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Ford Australia continues to ride high on new range

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Ford Australia continues to ride high on new range

The baby of the SUV range is as sleek as its name suggests. BRUCE McMAHON reveals the pros and cons of Ford’s Puma.

The Ranger ute, and it’s cousin the Everest wagon, headline Ford Australia’s top five spot in our uber competitive market.  An all-new version of the Ranger due this year again largely designed and developed in Australia _ promises to be better still and doubtless will keep showrooms buzzing.

But while these strong sales numbers rely on commercial vehicles and four-wheel drives there are others in Ford’s current line-up which could do with some closer attention from buyers today.

The Puma is the smallest of Ford’s SUV family and competes in a segment dominated by the likes of Mazda’s CX-3, the Kia Stonic and Toyota’s Yaris Cross; there were 12,873 CX-3s sold last year, compared with 3218 Pumas. Even allowing for supply disruptions, thanks to pandemics, that’s a fair walloping.

And it’s no real indication of the value of this baby Ford. This is a handsome and sporting machine, one loaded with a fair range of comfort, convenience and safety gear.

Sticker prices, before adding on-road costs, start at a reasonable $30,340.  Then there’s ST-Line versions from $32,690. (Starting prices are a tad higher than some rivals but all Pumas arrive with a decent amount of standard features.)

All are good-looking, five-door hatchbacks powered by a one litre, three-cylinder turbocharged engine driving the front wheels through a seven-speed automatic. Now while this is a well-sorted, well-equipped cabin, with fit and finish that belie the asking prices, the real delight for drivers here is the Puma’s performance and honourable road manners.

This is not a big car, back seat room is cramped for adults, yet it’s quite a comfortable car for the pair up front. Standard fare includes a wireless charger for mobile phones with a host of Bluetooth connectivity do-dads plus steering wheel mounted paddle shifters for the auto, satellite navigation and rain-sensing wipers. There’s a fair array of safety gear too, from blind-spot monitoring to tyre pressure monitoring; all-in-all this is a premium-style cabin.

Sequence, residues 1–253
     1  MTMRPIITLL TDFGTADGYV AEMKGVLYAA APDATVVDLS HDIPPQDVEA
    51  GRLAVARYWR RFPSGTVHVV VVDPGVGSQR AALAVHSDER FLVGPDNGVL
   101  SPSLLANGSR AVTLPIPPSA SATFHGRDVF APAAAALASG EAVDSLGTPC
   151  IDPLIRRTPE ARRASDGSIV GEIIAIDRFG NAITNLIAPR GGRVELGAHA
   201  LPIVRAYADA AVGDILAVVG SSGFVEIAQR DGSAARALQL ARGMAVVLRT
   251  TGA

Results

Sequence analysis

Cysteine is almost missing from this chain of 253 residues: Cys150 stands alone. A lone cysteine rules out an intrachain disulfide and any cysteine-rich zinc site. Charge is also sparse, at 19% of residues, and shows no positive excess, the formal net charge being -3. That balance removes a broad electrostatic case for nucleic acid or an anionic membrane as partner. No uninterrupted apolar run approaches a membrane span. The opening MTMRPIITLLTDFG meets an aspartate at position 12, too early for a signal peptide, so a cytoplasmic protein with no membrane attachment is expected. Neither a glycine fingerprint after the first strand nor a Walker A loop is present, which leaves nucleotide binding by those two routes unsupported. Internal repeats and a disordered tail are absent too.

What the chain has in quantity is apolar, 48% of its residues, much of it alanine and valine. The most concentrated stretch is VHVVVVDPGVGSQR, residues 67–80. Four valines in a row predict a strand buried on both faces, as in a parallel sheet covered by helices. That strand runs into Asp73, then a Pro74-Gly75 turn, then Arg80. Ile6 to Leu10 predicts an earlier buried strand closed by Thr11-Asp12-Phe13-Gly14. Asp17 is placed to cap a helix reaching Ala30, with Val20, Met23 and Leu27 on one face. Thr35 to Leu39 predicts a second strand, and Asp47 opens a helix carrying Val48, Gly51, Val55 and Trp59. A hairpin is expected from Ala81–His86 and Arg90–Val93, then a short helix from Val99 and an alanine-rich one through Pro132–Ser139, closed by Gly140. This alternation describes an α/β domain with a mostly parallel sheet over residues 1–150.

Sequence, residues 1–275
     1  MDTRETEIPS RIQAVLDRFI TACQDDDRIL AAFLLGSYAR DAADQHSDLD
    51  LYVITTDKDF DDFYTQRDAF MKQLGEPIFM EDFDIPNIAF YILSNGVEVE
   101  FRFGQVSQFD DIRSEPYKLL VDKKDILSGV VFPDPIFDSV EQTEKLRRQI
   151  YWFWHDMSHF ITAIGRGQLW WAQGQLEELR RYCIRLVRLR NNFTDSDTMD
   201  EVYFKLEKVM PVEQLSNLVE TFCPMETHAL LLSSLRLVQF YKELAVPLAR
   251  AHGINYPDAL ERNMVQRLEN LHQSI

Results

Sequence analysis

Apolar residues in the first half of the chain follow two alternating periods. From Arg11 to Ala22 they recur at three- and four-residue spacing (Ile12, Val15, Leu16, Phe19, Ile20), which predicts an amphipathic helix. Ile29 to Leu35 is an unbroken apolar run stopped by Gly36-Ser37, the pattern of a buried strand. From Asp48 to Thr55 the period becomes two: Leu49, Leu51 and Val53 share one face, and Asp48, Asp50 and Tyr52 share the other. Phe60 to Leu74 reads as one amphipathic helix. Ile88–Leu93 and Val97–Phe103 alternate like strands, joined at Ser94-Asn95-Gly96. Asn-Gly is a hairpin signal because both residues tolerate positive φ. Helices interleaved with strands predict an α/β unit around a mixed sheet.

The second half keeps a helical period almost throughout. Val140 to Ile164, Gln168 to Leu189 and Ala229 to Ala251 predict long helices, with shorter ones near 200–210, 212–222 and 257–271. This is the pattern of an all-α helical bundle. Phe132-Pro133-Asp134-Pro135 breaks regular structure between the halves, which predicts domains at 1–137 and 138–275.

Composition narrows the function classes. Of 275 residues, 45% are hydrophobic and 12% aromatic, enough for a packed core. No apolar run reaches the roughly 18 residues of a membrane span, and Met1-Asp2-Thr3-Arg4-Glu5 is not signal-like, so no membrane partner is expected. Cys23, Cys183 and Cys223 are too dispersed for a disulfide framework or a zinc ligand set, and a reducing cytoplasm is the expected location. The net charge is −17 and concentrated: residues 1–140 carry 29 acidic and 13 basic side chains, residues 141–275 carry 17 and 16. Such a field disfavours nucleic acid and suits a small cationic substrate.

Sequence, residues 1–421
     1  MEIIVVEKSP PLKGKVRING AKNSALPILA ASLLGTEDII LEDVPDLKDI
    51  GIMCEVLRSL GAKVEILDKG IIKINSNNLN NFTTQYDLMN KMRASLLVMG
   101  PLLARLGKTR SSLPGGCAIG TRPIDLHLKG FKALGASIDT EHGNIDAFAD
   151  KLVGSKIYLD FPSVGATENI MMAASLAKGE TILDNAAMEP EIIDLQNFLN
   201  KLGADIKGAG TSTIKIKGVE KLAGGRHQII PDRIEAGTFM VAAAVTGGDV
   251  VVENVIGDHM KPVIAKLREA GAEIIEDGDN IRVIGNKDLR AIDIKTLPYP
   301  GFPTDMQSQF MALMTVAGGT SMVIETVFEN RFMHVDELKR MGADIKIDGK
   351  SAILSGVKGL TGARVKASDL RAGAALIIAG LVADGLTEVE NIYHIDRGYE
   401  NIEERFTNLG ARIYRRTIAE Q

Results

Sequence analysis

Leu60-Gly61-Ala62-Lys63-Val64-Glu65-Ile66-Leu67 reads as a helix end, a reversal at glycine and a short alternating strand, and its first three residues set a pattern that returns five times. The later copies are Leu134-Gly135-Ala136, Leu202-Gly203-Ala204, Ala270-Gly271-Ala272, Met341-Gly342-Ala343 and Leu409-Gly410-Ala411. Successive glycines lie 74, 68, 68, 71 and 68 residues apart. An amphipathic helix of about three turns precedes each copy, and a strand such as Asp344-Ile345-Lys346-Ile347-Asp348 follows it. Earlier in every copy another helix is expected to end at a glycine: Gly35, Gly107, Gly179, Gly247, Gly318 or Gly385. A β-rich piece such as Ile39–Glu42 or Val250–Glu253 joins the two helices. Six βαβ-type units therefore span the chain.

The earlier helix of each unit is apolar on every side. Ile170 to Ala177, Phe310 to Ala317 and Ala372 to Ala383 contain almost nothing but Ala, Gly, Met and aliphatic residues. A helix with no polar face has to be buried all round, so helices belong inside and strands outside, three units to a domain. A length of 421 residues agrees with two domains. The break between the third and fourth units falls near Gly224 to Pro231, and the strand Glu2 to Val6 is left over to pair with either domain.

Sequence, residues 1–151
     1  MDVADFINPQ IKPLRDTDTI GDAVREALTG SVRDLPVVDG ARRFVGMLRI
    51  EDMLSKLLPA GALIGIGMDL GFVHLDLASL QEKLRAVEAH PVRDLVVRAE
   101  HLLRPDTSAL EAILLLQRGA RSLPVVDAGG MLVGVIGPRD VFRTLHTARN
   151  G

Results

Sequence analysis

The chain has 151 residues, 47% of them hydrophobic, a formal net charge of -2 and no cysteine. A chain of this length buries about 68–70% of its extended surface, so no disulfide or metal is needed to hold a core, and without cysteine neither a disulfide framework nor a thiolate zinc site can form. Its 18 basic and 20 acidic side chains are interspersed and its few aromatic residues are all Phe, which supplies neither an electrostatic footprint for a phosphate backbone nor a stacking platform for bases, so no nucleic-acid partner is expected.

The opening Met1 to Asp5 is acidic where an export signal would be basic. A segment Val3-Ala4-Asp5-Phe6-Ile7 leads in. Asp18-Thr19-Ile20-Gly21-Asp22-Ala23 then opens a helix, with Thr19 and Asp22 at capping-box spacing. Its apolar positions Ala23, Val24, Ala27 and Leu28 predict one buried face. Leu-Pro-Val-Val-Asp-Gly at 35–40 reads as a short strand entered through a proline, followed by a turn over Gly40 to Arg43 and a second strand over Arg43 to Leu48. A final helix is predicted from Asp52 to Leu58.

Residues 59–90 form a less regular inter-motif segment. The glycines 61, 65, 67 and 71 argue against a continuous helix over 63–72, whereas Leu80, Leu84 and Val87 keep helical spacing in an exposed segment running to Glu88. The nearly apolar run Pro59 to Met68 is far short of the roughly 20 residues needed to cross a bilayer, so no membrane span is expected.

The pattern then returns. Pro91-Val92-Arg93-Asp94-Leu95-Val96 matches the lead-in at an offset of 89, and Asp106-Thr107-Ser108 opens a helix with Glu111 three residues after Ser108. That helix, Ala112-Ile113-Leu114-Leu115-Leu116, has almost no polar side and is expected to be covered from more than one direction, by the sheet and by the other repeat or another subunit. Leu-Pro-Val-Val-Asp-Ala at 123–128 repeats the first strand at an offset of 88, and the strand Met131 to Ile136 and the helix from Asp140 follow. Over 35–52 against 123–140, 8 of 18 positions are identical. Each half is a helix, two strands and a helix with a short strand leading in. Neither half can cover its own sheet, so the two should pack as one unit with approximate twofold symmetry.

Now while the Puma’s 92kW of power and 170Nm of torque may sound a little underdone there’s plenty of character to this powerplant. Best of all, it is well-supported by a top little chassis which aids and abets a sporting run through the twisty bits.

The only quibble here is some drivetrain grumble and hesitation when moving off from standstill, exacerbated to some degree by the engine’s stop-start system (which can be switched off) and perhaps the Ford’s dual clutch. But once the tachometer moves past 2000rpm it’s all go.

Steering is quick and responsive, front wheels aren’t constantly scrabbling for traction and there’s those paddle shifters to make the most of a pretty smooth transmission. It’s a driving package to be enjoyed, whether running down to the shops or off on a weekend drive in the countryside.

Ford reckon average fuel consumption should be 5.3 litres per 100 kilometres; this may well run higher if encouraged by the little Ford’s enthusiasm.

There are some very good small cars in the marketplace these days, the Ford Puma is one that deserves proper consideration if shopping for an urban SUV.

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